Electric vehicles are disrupting more than a switch from traditional automakers to electric vehicle manufacturers, they’re also disrupting the methods customers purchase vehicles. Could electric vehicles disrupt the traditional dealer model?
What Happened: Traditional car companies could be in trouble with competition from electric vehicle companies when it comes to shopping online and providing accurate delivery times, Loup Ventures managing partner Gene Munster argued.
“While the failure to quote delivery times online may seem insignificant, it’s another example of how traditional automakers are in trouble,” Munster said.
Loup surveyed 11 automotive companies selling electric vehicles in the U.S. The companies surveyed were Tesla Inc TSLA, Ford Motor Company F, Hyundai Motor Corp (OTC: HYMTF), Groupe Renault RNLSY-owned Nissan, Geely Automobile Holding's GELYY Volvo, Rivian Automotive RIVN, Volkswagen Group VLKPF-owned Audi and Porsche, Tata Motors Limited ADR TTM-owned Jaguar, BMW BMWYY and Chevrolet, owned by General Motors Company GM.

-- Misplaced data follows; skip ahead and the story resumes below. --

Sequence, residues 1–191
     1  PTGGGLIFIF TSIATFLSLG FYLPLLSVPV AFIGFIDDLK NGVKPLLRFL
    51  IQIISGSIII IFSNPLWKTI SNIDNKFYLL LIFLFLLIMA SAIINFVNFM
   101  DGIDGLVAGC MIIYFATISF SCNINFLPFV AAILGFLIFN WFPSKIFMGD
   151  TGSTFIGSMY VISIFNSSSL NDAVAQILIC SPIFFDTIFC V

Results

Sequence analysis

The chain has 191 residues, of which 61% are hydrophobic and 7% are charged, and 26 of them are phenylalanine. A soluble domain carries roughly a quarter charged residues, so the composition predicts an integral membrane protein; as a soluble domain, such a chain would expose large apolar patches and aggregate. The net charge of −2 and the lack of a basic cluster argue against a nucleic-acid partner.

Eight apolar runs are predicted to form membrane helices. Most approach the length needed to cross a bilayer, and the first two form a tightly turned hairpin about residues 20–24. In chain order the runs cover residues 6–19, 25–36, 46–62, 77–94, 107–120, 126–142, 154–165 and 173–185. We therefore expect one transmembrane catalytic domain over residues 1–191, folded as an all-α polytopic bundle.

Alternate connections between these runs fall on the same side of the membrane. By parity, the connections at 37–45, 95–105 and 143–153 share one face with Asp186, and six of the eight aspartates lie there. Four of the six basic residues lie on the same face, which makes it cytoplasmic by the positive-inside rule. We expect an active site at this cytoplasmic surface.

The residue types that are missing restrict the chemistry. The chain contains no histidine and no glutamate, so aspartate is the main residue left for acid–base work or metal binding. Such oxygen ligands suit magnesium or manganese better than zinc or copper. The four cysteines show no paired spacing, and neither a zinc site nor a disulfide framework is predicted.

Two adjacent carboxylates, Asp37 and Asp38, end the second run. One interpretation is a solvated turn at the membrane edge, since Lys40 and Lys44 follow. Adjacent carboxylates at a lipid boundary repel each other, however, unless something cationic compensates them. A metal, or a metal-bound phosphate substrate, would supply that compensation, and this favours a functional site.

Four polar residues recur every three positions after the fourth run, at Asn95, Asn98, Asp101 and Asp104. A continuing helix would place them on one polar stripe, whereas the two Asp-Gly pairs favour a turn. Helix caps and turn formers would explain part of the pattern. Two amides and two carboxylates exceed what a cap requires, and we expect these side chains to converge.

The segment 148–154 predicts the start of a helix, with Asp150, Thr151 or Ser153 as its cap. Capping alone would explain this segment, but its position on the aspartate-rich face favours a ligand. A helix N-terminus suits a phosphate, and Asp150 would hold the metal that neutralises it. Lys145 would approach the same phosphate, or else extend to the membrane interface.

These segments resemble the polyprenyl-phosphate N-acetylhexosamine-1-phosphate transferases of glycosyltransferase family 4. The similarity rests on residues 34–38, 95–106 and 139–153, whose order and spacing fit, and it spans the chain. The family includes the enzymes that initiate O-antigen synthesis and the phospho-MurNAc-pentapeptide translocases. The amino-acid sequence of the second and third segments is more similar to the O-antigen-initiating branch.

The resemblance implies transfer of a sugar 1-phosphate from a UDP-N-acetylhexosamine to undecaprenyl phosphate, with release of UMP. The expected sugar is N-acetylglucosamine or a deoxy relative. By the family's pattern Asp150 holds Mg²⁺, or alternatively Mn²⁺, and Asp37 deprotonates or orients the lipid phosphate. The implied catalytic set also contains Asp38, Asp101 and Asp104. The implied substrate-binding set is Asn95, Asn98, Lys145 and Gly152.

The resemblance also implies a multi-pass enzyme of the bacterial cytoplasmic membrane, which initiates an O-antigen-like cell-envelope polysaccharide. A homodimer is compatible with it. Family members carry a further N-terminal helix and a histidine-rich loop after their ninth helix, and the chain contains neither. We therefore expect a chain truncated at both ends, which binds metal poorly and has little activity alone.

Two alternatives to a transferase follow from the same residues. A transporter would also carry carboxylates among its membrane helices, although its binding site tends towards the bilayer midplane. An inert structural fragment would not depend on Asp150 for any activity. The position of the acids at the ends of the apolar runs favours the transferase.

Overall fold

Munster reported that only three of the 11 surveyed companies provided estimated delivery times online.
“My view is that manufacturers who resist giving consumers the option to order online, or withhold basic data like quoting lead times, are operating from the 80-year-old ‘get the consumers into the store and pressure them to buy’ sales model.”
The current sales model consists of getting information from a potential buyer, getting them into the showroom and then pressuring them to buy a vehicle that is on hand, Munster argues.
Munster said the average delivery time for Tesla is 175 days. Other delivery times provided by companies called by Loup were 130 days to 210 days. Several of the electric vehicle models from companies polled do not give quote times on vehicles.
Why It’s Important: Electric vehicles have disrupted the automotive market and along with changing specifications on vehicles, many offer online sales and the ability to customize the vehicle prior to delivery.
Traditional automobile companies have utilized a dealership model that includes franchised dealers, service centers and other items that provide a boost to revenue along with the sale of the vehicle.
Munster stated “traditional car companies still don’t get it” and he could be right.
Tesla has dominated the market for electric vehicles in the U.S. To compete, traditional automotive companies have to build electric vehicle models that customers want, provide attractive price points and be able to sell and get them to customers.
Without adapting to the online sales model that has been convenient and lowered the price point for vehicles, traditional automotive companies could be in more trouble against electric vehicle leader Tesla.
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